Academically I was a mess but in other things, I was authority.

The willing child

Toss me a book, except academic books, and I was good. Back at 11, I preferred reading English stuff that my classmates began teasing me that I am, in Rizal’s words, a malansang isda (pungent fish) for I was apparently discriminating Filipinism. I wasn’t. Anyone who was open-minded enough, if there was anyone in my batch even that young, would understand that learning is growth and that development is not always a hostile act that pulls people away from their roots — that hostility is brought by the intent behind the actions. And for me, I just wanted to be a good speaker because no matter what, Filipino is in my roots. Filipino is me. And I had never been insecure about my nationality.

So, I continued what I do: read, speak, breath English and I improved a lot. Regardless of how eloquent I had been then, I know it didn’t chip off even a bit of me being a Filipino so I knew I was doing right.

The excelling child

My academic mishaps continued up to my high school days. I flunked every Math exam there was. I got low scores in English but I was the editor-in-chief of the school pub and I did not understand a bit about the technicalities of a newspaper. I was the essay writer, the programs host, the school’s broadcast journalist. I was winning quiz bees in English Literature, I bested representatives from Region IV-A when I became the champion extemporaneous speaker.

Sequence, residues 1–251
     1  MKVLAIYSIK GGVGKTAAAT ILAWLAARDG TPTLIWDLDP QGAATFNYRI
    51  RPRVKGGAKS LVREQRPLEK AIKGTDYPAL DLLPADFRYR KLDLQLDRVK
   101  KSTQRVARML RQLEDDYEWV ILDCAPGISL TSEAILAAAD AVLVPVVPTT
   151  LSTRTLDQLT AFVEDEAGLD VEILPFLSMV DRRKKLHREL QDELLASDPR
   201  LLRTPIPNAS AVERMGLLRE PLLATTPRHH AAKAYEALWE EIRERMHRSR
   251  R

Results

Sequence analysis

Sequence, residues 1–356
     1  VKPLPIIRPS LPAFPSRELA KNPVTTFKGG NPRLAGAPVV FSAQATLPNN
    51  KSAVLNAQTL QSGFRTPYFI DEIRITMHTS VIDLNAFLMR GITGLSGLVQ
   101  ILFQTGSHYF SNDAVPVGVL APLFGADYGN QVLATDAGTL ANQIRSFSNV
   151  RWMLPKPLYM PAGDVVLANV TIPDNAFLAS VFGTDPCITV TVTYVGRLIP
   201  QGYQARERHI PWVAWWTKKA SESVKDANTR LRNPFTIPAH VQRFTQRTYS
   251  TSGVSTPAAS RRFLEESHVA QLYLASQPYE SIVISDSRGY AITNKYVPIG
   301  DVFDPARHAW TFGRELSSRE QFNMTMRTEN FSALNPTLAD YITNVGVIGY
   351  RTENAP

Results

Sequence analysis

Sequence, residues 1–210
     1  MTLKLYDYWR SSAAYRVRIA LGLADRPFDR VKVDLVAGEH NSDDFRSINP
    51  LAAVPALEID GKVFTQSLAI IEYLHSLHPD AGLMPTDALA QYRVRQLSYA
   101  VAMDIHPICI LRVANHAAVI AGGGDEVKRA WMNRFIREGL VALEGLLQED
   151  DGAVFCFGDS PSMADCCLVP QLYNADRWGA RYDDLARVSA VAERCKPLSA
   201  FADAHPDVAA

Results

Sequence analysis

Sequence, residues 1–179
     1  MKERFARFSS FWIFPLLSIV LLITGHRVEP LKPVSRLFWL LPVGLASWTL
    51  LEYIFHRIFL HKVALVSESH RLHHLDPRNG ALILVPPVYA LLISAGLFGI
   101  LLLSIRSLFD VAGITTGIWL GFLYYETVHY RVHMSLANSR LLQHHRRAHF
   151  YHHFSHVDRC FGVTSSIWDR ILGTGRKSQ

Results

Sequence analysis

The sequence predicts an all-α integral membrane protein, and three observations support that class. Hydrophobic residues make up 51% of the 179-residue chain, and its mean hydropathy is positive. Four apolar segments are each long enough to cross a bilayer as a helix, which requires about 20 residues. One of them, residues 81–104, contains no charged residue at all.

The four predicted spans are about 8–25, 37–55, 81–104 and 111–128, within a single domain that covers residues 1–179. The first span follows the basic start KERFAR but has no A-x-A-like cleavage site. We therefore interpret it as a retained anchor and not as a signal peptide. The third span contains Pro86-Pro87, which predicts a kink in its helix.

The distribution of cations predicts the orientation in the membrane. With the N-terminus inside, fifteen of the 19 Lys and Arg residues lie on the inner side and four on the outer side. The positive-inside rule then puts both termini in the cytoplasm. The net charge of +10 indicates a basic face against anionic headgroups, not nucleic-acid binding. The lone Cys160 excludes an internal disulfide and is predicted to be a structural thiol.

I was not smart academically but I was achieving momentous prices in the area I was good at: communication. I was lucky my school looked at my skills more than my ability to memorize history books.

And so I found my place. I knew what I wanted and I grew tired of people maligning my talents.

“The only thing you’re good at is English. Nothing else” became a household joke in school. My parents were happy at what I love and they were supportive. They never pushed me to become an honor student because I did not want to.

But people outside my family circle started talking at me and I told myself, I will show them my true potential.

From being a nobody, a flunk, an academic so-so, suddenly, I was The Full Academic Scholar, The Dean Lister, The Department Top One. I worked willingly hard enough that I got to a point my education was almost free: I was only paying $21 (P1K) per semester. Not because I was smart but because I chose to excel.

Four years after, I was the class valedictorian in my College Graduation. I was not smart. I had to work harder than the rest: my focus span is short I had to continuously remind myself that I was doing something, I had to do things ahead of the others so I stay within the same pace as them. It was hard. It was draining but it was all worth it.

I became one of the good ones not because I am intelligent. I am not and I will never be but because I chose to excel.

Success always starts with the decision to become one and follows suit after we have worked out our plans.

To people who say only the smart ones get the privilege, introduce me to them and I will prove them wrong.